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Two schools to host free legal clinics



District families who need legal advice on problems like eviction, debt and foreclosure now have a new place to turn to for help.

Beginning Thursday, CMSD will host legal clinics at two high schools in partnership with the Legal Aid Society of Cleveland and the Cleveland Metropolitan Bar Association. Experienced lawyers will be at Glenville High School and the Lincoln-West Campus to offer legal advice related to housing, government benefits and other civil issues.

The clinics will be held April 13, 20 and 27 and May 4, 11, 18 and 25 from 3:30 to 5 p.m. at both locations. Consults will be handled on a first-come, first-served basis and families will be screened for financial eligibility.

Tiffany Darby, the director of strategy and operations for District CEO Eric Gordon, helped organize the initiative. She hopes the clinics help families who are in unstable housing and other situations that can result in students having to switch from one school to another.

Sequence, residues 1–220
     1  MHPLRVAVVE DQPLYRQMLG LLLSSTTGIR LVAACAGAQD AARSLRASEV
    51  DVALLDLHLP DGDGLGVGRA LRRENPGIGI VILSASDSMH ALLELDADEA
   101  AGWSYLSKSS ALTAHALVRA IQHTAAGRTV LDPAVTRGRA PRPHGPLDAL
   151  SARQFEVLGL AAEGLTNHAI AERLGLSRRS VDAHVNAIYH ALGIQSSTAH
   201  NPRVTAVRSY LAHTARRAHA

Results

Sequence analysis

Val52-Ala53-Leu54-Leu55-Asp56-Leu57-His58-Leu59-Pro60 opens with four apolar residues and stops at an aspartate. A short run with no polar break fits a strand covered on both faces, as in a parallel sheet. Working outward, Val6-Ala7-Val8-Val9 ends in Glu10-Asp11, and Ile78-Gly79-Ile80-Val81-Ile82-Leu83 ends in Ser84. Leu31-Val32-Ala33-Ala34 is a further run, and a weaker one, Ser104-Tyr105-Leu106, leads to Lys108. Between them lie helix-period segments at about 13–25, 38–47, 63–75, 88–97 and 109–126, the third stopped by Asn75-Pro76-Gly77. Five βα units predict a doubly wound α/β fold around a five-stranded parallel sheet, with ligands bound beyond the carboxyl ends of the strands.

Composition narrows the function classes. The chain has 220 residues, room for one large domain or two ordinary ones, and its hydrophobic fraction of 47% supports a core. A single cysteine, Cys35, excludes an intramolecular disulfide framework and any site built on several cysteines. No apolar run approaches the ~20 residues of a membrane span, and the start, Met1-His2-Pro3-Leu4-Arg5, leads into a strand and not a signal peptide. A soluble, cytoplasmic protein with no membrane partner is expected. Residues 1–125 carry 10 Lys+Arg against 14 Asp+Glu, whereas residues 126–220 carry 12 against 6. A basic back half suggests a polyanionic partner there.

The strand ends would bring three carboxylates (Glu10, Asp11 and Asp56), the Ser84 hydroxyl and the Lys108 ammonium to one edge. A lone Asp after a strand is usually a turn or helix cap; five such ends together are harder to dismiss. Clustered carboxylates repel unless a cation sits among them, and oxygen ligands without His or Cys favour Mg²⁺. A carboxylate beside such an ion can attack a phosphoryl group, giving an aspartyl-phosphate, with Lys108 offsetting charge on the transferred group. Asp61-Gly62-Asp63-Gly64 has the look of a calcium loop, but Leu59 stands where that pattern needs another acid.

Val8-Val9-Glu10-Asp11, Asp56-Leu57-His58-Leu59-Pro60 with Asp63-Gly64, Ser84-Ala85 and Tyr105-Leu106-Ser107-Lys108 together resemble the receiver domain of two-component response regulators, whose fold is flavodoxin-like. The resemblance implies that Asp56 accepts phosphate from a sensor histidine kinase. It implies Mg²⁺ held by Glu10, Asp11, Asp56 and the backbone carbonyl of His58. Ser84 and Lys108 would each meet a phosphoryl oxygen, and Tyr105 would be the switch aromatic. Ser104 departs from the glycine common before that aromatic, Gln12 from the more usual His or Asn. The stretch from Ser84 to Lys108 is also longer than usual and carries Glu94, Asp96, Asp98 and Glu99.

“Our hope is that with these legal clinics, we can help minimize some of those stressors,” Darby said. “We want our families to know what rights they have and give them resources to work through their legal problems before they throw up their hands and give up.”


The lawyers will offer advice on bankruptcy, child custody, child support, divorce, eviction, foreclosure, government benefits, immigration and income tax. Each of the attorneys will receive training and support in poverty law and other relevant areas of the law.

Rebecca Maurer is a staff attorney and Ohio Legal Assistance Foundation Fellow at the Legal Aid Society of Cleveland, which is a private, nonprofit law firm that offers free legal advice to low-income residents across Northeast Ohio. She said her organization wants to make a direct impact on District families who don’t know about opportunities for legal assistance.
Because Cleveland has a high poverty rate, many families can't afford to hire a lawyer and don't know where to turn for help, Maurer said. 

“This partnership is important to us because oftentimes, our clients present legal issues that mean the difference between falling further into poverty or moving out of poverty,” she said. “We know that problems with landlords or debt collectors can make it hard for kids to learn. We want to speak to families the moment an issue arises and hopefully promote household stability and positive educational outcomes for kids.”